Allow me the liberty of generalizing here--whites are most concerned about racial bigotry. That is, "I don't believe in interracial marriage" or "I don't want black people living next to me" or even "I think black people are prone to crime."Where he describes racial oppression, it's largely financial: job discrimination and redlining. I think that's a big part of the reason people don't think of Jews as oppressed and why people don't offer Jews the level of consideration, including the right to speak for ourselves, that would be offered to other minorities.
Black folks don't like racial bigotry, but they're mostly concerned--not about racism as bigotry--but racism as oppression.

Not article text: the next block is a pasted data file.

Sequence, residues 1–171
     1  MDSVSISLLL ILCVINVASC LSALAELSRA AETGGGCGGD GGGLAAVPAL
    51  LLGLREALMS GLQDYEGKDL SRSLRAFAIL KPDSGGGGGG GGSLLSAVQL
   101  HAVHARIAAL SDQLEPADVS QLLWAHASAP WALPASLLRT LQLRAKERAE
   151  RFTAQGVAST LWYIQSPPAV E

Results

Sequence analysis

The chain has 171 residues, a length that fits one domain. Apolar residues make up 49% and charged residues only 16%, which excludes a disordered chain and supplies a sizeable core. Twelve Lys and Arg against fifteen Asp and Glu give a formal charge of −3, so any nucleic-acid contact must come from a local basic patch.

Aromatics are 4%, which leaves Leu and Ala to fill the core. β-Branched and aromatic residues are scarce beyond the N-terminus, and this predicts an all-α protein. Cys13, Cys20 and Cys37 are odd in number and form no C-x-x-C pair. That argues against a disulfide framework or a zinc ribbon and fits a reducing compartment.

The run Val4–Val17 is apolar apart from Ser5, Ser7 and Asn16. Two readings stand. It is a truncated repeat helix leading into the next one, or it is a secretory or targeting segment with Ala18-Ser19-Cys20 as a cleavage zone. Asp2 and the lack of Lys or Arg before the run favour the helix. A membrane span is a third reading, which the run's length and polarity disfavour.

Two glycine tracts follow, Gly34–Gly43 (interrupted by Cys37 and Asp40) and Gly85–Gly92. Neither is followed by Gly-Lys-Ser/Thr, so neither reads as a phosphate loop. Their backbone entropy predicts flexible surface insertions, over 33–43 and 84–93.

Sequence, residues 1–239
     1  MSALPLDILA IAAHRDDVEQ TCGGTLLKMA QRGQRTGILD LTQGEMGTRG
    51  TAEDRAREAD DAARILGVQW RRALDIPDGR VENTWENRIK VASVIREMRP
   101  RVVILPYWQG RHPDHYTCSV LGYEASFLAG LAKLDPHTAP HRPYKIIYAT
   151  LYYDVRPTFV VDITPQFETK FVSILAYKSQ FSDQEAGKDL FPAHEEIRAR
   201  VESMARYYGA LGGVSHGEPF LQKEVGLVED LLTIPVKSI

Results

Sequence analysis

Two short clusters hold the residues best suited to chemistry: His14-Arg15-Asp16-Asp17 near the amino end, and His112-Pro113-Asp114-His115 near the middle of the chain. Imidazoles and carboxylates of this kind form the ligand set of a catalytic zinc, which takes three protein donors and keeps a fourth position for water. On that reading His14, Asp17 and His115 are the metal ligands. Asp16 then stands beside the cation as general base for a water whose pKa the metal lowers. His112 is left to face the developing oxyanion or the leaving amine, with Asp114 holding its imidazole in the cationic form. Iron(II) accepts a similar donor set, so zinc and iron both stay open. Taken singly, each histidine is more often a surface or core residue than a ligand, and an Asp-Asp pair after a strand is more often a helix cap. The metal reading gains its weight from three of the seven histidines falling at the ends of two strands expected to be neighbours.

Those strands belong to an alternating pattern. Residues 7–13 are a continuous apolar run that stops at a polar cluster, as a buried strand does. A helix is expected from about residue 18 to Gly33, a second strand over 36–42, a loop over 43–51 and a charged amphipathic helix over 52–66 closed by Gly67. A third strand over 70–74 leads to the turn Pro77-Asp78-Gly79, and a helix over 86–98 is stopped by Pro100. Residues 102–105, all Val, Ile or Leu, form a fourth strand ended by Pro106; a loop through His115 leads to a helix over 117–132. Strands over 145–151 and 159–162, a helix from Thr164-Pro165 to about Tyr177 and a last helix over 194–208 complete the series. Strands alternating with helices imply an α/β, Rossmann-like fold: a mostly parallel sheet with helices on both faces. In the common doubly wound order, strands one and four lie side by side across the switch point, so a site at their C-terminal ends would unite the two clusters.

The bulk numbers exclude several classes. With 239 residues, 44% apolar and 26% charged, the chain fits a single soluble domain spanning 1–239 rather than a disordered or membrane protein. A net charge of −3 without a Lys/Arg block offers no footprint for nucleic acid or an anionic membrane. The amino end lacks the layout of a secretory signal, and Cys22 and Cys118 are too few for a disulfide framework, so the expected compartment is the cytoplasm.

But there are two points. First, those academic and cultural boycotts--those things are discrimination. Second, and I think this is probably deeper, the oppression of Jews has never featured economic dispossession. It's been there, but it's never been central so that we can say things have changed. The fact that Jews aren't disproportionately poor today does not mean the oppression of Jews has ended. In pre-Nazi Germany, Jews had attained economic near-equality. To say we're not oppressed today suggests we weren't then, either, but that's obviously ridiculous. Instead, the oppression of Jews has always been about violence, scapegoating, and blunting political power. Those things are still around.